Accordingly, the Christian story is not the only story in town. Christians live in a cultural space in which many secular stories compete with our story. These secular stories are delivered in many forms: shopping malls, commercials, hockey rinks, CBC programming, government policies etc. These competing stories are so much in the air we breathe in today, we’re most often not even conscious of their impact on what we think and feel. Flannery O’Connor summarizes this struggle in a letter she wrote about her first novel:

I don’t think you should write something as long as a novel around anything that is not of the gravest concern to you and everybody else, and for this is always the conflict between an attraction for the Holy and the disbelief in it that we breathe in with the air of our times. It’s hard to believe always but more so in the world we live in now. There are some of us who have to pay for our faith every step of the way and who have to work for it.[2]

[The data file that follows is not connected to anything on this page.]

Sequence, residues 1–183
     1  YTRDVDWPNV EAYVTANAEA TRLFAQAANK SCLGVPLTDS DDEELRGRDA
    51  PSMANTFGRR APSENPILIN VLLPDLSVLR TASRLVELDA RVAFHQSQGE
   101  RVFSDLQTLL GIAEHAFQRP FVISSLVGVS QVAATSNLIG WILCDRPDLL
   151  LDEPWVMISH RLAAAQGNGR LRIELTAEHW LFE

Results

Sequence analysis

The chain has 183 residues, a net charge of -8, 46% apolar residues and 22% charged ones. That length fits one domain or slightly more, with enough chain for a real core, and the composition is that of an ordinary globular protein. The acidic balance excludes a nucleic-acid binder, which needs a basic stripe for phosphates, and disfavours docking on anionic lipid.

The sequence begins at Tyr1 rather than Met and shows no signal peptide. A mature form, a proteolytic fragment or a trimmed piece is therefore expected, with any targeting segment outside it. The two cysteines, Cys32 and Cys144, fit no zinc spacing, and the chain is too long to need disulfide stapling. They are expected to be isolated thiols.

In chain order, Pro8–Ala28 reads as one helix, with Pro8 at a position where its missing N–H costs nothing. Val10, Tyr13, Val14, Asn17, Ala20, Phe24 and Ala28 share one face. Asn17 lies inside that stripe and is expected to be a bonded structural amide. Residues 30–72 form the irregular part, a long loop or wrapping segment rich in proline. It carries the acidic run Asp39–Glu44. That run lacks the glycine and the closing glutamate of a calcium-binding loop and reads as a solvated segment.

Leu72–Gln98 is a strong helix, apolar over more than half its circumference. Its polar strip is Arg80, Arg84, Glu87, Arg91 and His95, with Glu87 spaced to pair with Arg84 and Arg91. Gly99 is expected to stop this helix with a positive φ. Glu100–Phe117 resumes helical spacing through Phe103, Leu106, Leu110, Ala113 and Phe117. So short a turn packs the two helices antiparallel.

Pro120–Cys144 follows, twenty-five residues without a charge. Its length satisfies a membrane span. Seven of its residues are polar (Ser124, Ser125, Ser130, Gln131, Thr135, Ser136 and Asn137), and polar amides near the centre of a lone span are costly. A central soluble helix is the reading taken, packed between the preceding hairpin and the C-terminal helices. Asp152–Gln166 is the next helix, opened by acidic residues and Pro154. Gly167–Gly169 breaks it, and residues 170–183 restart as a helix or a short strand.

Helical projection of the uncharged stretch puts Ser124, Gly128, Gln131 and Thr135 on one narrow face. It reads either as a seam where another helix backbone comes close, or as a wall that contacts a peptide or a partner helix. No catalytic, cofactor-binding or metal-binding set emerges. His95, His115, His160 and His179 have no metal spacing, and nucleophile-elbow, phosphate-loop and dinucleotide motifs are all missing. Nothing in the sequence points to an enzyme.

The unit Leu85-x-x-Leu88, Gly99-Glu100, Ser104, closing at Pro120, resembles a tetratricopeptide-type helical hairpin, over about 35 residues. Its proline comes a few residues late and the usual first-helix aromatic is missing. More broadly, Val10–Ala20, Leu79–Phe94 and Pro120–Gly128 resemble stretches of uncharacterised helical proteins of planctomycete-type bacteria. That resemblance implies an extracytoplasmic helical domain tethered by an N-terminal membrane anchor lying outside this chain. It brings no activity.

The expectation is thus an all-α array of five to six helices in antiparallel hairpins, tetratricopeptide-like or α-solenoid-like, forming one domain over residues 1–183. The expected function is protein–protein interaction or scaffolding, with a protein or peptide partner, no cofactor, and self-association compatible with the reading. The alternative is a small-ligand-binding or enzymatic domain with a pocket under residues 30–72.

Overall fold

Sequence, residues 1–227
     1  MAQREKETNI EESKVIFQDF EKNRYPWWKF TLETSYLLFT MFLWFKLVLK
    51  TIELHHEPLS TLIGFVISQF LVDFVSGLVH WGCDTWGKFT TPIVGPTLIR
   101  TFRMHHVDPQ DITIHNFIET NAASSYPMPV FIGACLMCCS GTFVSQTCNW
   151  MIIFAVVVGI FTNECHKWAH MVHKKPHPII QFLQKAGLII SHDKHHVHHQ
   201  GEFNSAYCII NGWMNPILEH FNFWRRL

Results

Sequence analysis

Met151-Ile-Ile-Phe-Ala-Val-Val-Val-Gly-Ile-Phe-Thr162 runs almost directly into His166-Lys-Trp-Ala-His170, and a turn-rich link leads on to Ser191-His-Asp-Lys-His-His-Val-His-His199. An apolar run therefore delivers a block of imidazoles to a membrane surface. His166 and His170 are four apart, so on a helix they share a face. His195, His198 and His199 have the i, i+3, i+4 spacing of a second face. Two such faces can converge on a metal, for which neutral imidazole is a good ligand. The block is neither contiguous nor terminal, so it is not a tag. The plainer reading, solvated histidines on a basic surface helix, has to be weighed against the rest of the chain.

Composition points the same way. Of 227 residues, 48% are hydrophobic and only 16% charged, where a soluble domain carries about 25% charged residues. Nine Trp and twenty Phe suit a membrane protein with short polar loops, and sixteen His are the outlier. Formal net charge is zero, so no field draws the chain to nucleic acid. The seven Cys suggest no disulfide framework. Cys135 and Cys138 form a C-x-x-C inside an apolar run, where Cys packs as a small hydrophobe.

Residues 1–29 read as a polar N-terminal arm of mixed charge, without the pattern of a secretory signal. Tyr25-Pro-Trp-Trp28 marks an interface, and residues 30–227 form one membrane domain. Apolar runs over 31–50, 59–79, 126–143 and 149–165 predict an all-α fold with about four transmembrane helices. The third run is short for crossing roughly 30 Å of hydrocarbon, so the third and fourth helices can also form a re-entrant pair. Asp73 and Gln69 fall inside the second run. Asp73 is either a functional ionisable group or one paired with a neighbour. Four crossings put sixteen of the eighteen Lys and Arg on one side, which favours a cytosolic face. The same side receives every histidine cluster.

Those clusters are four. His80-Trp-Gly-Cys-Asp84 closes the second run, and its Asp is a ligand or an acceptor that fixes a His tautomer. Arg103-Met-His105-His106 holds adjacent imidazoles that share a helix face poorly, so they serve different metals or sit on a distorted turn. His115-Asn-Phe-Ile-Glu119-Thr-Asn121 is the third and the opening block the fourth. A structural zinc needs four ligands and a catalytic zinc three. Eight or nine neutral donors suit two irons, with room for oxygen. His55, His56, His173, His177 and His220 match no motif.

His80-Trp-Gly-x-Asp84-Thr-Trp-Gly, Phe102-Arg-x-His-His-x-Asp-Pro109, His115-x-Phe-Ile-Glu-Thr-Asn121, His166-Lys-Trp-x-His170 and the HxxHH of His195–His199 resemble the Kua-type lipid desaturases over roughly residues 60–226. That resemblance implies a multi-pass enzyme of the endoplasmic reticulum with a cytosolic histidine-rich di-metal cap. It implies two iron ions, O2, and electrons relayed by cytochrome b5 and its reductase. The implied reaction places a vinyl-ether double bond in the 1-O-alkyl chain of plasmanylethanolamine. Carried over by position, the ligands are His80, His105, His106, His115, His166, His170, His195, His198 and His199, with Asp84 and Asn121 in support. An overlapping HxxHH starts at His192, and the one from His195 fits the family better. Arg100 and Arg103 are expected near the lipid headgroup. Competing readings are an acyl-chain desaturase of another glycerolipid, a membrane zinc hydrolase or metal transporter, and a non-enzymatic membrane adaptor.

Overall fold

Notice what O’Connor says. We may be attracted to the ‘Holy’, but ‘disbelief’ permeates our faith in God because it’s what we ‘breathe in our times’. Therefore, it’s becoming harder and harder – even for Christians – that Christianity is believable in today’s age.  The difference between our modern secular age and past ages is not necessarily that there is a catalogue of available beliefs but rather the assumptions we hold about what is believable.[3]

But that does not mean the humanist, atheist or agnostic is not haunted by stories of the transcendent or God? That’s why atheist writer Julian Barnes says, ‘I don’t believe in God, but I miss him’.[4]He doesn’t believe in God, but yet he is haunted by God. Or consider Walter Isaacson’s recollection of what Steve Jobs said when he was dying in his biography:

I’m about fifty-fifty on believing in God. For most of my life, I’ve felt that there must be more to our existence than meets the eye. I’d like to think that something survives after you die … I really want to believe that something survives, that maybe your consciousness endures. But onthe other hand, perhaps it’s like an on-off switch. Click! And you’re gone. Maybe that’s why I never liked to put on-off switches on Apple devices.[5] 

There continues to be fleeting moments of something more for people. That’s why the magic of Tolkien’s, ‘Lord of the Rings’, or of the ‘force’ in Star Wars still captivates wide audiences.